Once upon a time there was a man who was alive.

Location: Hattiesburg, Mississippi, United States
St. Cuthbert and Disciples in a Boat


Life in Exile

'Nevertheless, many even of the authorities believed in him, but for fear of the Pharisees they did not confess it, so that they would not be put out of the synagogue; for they loved the glory that comes from man more than the glory that comes from God.'

St. John 12:42-43

1. The ancient and medieval world was one in which a person's role and place in society, within the structure of the community, was everything. Personal identity was wedded to social and communal structure in a manner we really cannot begin to appreciate. To be outside of the community in which someone was born into and lived was to lose one's identity, to be deprived of being in a manner. Human life was deeply bound to the social structure, be it the polis or family-group or synagogue. For Aristotle, true virtue was impossible outside of the polis. In the medieval age one was identified by feudal obligations and ties of kinship, established in a specific place. To detach oneself from that place and ties and obligations was to enter a no-man's land devoid of personal identity. This was the place of the peregrinati, the monks who embraced a voluntary exile, often on the Continent, either as penance or for missions or both. While this action in some ways, through the monastic structure, came to be an avenue of identity in itself, it remained throughout a radical detachment from normal means of identity and role.

2. In St. John's Gospel this theme of exile, of being separated from one's community and hence role and identity, is particularly important. It demonstrates in a concrete manner what is described elsewhere in the New Testament as the life of exile, of pilgrimage, in pursuit of the heavenly city, following Christ Himself, Who had 'no place to lay His head.' In St. John, the danger is one of being put out of the synagogue: entailing a severance from not only the religious community but also from the fullness of society and community in general. It was to be cast out of the proper parameters of society, to become a refugee and exile.

3. The danger, or rather, the call, of exile, is repeated throughout the Gospels and the rest of the New Testament. It is foreshadowed in the wandering of Abraham, and the exodus of the children of Israel from Egypt; in the flight of prophets from angry monarchs; and in a way the voluntary exile of St. John the Forerunner into the desert, outside the bounds of ordinary society. These were all literal flights, phyisical peregrinations from one place and its community to another. The citizen of the new Christian polis, however, often continues to exist within his old polis, within the old community, but his role in it is fundamentally transformed. He is henceforth a pilgrim, a wander, whose true role and identity is bound up in Christ and the community insituted in Him, the Church. His old identities, his old status within his 'natural' community, is radically reconfigured as a result. We can no longer see ourselves as citizens of whatever order we happen to be in, who just happen to be Christian. To be an exile, in Scriptural terms, means a radical relalignment and understanding of role and identity.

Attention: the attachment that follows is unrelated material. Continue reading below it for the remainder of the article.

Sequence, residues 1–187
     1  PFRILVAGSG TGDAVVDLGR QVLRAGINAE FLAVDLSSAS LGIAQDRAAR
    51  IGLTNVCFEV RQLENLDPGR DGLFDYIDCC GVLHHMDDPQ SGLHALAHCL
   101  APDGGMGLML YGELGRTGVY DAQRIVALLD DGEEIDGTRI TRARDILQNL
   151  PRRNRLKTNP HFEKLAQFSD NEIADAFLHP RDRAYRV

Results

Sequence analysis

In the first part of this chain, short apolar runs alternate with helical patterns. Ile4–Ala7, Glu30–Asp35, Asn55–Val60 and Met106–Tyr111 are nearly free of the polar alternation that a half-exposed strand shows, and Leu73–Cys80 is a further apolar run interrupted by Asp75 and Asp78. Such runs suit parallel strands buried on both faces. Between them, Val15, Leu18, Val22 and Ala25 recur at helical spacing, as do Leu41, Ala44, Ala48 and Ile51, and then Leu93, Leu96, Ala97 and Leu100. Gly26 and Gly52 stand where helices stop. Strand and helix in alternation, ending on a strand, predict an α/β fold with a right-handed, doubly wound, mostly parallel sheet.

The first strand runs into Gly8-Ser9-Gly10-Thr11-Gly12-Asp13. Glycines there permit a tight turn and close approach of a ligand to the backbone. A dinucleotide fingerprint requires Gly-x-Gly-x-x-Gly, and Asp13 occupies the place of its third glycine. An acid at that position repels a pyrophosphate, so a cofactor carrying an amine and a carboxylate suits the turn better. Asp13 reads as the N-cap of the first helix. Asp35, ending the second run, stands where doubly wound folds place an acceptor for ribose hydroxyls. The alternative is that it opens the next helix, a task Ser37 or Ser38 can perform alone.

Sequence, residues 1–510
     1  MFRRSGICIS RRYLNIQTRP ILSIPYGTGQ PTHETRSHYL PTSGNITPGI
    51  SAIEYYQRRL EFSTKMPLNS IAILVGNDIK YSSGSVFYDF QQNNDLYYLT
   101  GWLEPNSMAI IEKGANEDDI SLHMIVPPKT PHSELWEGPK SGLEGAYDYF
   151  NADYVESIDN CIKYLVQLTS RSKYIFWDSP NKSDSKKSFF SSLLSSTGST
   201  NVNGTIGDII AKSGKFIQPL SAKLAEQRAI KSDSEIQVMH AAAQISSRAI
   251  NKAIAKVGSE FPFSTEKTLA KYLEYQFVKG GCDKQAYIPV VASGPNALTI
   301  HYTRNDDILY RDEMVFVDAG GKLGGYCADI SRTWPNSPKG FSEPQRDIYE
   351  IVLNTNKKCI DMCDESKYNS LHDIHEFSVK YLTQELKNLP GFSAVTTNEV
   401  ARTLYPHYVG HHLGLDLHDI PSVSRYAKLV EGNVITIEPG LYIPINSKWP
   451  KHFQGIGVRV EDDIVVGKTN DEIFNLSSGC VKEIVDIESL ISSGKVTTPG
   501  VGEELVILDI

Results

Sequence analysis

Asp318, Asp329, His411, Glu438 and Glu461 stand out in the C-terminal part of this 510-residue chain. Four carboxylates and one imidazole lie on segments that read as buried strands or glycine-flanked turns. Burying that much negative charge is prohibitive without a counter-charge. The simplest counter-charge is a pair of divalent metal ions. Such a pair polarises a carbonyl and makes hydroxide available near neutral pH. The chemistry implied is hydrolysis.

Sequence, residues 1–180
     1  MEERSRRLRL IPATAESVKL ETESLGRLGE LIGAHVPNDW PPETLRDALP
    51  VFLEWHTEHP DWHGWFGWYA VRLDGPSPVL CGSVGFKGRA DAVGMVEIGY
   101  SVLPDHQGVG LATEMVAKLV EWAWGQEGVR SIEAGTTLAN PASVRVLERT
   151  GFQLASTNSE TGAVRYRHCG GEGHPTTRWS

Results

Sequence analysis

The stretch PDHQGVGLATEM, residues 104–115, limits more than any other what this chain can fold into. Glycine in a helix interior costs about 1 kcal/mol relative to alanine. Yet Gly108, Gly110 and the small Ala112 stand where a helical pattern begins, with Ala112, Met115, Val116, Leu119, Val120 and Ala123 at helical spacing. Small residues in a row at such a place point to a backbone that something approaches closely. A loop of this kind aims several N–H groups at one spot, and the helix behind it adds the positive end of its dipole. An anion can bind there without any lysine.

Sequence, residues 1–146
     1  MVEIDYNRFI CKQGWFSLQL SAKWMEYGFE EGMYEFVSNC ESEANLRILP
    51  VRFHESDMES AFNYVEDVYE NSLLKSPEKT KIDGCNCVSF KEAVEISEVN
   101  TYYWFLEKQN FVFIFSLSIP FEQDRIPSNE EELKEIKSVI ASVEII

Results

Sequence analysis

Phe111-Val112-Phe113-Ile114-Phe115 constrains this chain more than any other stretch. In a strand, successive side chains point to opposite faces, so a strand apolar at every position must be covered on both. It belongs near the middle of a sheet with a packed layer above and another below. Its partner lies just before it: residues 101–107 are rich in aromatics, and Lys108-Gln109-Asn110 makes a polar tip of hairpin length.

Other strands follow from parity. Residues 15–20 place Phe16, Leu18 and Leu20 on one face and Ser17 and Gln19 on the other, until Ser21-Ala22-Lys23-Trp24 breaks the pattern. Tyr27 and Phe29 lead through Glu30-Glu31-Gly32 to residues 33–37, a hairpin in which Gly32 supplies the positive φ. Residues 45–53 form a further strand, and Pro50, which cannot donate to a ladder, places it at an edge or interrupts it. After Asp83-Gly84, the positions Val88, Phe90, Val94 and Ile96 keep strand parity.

4. The reconfiguration of the Christian's role and identity, against his continued life in 'the world,' introduces one of the great tensions of Christian life. Now, it may result that this state of exile is very tangiably manifested, as in the man cast out after his healing by Christ, into a very literal exile. It may mean a voluntary exile like the missionary-saints of old like St. Colum Cille or St. Boniface. It could mean martyrdom, as the order of the social structures resists the existence of this new Kingdom and its citizens. For the Kingdom of Heaven can be very subversive to the structure of the world; Christ came to 'destroy the works of the devil,' and the manifestations of those works may well resist violently against His Body. Yet whatever the tensions that arise, the Christian is called to an ongoing life of exile, of citizenship in a Heavenly City not yet fully attained to. One of our great tasks comes in finding how to work this out in our present lives, in situations as varied as the people embraced by this new and radically-different Kingdom of God.


Post a Comment

<< Home